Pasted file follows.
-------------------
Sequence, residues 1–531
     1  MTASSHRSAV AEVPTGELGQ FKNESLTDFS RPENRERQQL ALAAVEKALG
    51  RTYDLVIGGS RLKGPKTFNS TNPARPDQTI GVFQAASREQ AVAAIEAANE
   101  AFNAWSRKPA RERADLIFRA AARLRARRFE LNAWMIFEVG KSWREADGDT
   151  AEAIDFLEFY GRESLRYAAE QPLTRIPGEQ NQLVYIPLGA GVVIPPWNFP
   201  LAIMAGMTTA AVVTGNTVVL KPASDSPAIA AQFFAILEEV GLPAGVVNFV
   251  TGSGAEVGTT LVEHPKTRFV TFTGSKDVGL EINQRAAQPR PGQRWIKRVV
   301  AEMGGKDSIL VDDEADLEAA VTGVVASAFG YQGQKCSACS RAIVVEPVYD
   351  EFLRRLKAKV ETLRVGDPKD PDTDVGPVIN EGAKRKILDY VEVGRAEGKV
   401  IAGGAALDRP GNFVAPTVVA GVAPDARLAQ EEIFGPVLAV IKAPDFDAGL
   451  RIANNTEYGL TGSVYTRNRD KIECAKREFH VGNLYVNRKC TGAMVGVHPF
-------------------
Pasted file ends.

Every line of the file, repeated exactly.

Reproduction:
Sequence, residues 1–531
     1  MTASSHRSAV AEVPTGELGQ FKNESLTDFS RPENRERQQL ALAAVEKALG
    51  RTYDLVIGGS RLKGPKTFNS TNPARPDQTI GVFQAASREQ AVAAIEAANE
   101  AFNAWSRKPA RERADLIFRA AARLRARRFE LNAWMIFEVG KSWREADGDT
   151  AEAIDFLEFY GRESLRYAAE QPLTRIPGEQ NQLVYIPLGA GVVIPPWNFP
   201  LAIMAGMTTA AVVTGNTVVL KPASDSPAIA AQFFAILEEV GLPAGVVNFV
   251  TGSGAEVGTT LVEHPKTRFV TFTGSKDVGL EINQRAAQPR PGQRWIKRVV
   301  AEMGGKDSIL VDDEADLEAA VTGVVASAFG YQGQKCSACS RAIVVEPVYD
   351  EFLRRLKAKV ETLRVGDPKD PDTDVGPVIN EGAKRKILDY VEVGRAEGKV
   401  IAGGAALDRP GNFVAPTVVA GVAPDARLAQ EEIFGPVLAV IKAPDFDAGL
   451  RIANNTEYGL TGSVYTRNRD KIECAKREFH VGNLYVNRKC TGAMVGVHPF